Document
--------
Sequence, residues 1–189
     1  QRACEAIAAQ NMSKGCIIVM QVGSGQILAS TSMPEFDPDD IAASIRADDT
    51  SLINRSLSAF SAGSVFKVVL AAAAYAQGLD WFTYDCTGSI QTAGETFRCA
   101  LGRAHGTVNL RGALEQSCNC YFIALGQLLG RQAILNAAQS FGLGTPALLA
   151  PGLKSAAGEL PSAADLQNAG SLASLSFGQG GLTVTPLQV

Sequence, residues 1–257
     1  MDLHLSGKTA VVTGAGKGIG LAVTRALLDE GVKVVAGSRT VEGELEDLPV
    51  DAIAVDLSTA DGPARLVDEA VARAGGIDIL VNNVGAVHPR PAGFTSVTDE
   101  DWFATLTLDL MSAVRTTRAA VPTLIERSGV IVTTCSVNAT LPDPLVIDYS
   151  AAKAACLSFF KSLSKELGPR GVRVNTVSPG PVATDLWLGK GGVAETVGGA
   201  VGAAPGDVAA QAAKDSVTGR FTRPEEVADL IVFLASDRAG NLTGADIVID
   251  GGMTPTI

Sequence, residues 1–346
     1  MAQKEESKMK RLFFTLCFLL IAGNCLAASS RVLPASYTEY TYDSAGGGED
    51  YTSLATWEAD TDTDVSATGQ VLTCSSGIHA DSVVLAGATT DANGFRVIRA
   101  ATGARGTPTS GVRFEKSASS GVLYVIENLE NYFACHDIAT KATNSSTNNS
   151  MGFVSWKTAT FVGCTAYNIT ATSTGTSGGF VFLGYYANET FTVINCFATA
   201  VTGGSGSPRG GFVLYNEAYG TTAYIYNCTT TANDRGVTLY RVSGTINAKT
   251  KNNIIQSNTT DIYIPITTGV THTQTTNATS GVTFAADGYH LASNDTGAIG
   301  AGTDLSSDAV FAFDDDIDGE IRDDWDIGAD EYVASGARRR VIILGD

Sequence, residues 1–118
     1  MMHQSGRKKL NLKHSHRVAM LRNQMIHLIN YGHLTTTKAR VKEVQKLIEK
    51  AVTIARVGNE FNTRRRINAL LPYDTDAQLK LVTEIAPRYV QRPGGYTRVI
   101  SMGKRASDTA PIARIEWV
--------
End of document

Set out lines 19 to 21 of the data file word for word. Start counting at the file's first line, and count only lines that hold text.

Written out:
   251  KNNIIQSNTT DIYIPITTGV THTQTTNATS GVTFAADGYH LASNDTGAIG
   301  AGTDLSSDAV FAFDDDIDGE IRDDWDIGAD EYVASGARRR VIILGD

Sequence, residues 1–118